TOKYO Nov 27 Japan's Toshiba Corp (6502.T) said
it planned to increase its output of flash memory-based solid
state drives (SSDs) 15-fold over the next two years, aiming to
control half of the global market for the new memory devices.
SSDs, which use NAND flash memory, are seen as a promising
alternative to hard disk drives used in laptop PCs as they are
more shock-resistant and consume less power.
Toshiba, the world's No. 2 maker of NAND flash memory, and
rivals such as top-ranked Samsung Electronics (005930.KS) are
hoping growth in the SSD market will help revive the industry,
which is battling steep price falls due to over-capacity.
The high cost of SSDs compared with hard disk drives with the
same memory capacity has until now hindered PC makers' shift to
flash memory-based drives, but the rising popularity of smaller,
cheaper PCs is expected to boost demand for the new technology.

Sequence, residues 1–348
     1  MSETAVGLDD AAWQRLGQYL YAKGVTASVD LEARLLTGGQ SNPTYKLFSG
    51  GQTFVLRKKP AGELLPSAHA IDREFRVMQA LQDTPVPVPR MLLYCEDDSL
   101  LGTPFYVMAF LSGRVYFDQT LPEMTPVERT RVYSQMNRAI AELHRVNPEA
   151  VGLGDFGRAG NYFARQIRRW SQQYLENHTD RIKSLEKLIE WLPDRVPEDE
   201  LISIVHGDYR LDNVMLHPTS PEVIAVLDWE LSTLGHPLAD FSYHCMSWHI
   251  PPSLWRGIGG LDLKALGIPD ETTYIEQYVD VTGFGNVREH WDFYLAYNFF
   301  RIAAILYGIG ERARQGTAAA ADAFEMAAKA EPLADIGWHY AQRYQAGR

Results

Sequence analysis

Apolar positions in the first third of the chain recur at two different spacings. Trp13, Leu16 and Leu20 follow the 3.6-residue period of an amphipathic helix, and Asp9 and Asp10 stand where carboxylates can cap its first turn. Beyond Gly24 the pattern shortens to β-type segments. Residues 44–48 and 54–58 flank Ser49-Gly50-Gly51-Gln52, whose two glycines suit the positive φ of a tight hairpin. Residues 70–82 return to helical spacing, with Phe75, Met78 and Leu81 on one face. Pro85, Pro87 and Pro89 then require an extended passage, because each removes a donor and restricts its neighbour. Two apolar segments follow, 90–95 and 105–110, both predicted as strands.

Toshiba said it planned to expand SSD output at its Yokkaichi
factory in western Japan to 600,000 units a month by March 2011
from the current 40,000 units a month, and it projects about 10
percent of laptop PCs worldwide will use the new drives in
Samsung and Toshiba partner SanDisk Corp SNDK.O already
make solid-state drives.
Toshiba shares were up 3.3 percent at 345 yen as of 0145 GMT,
outperforming a 2.4 percent rise in the Nikkei average .N225.
(Reporting by Sachi Izumi; Editing by Hugh Lawson)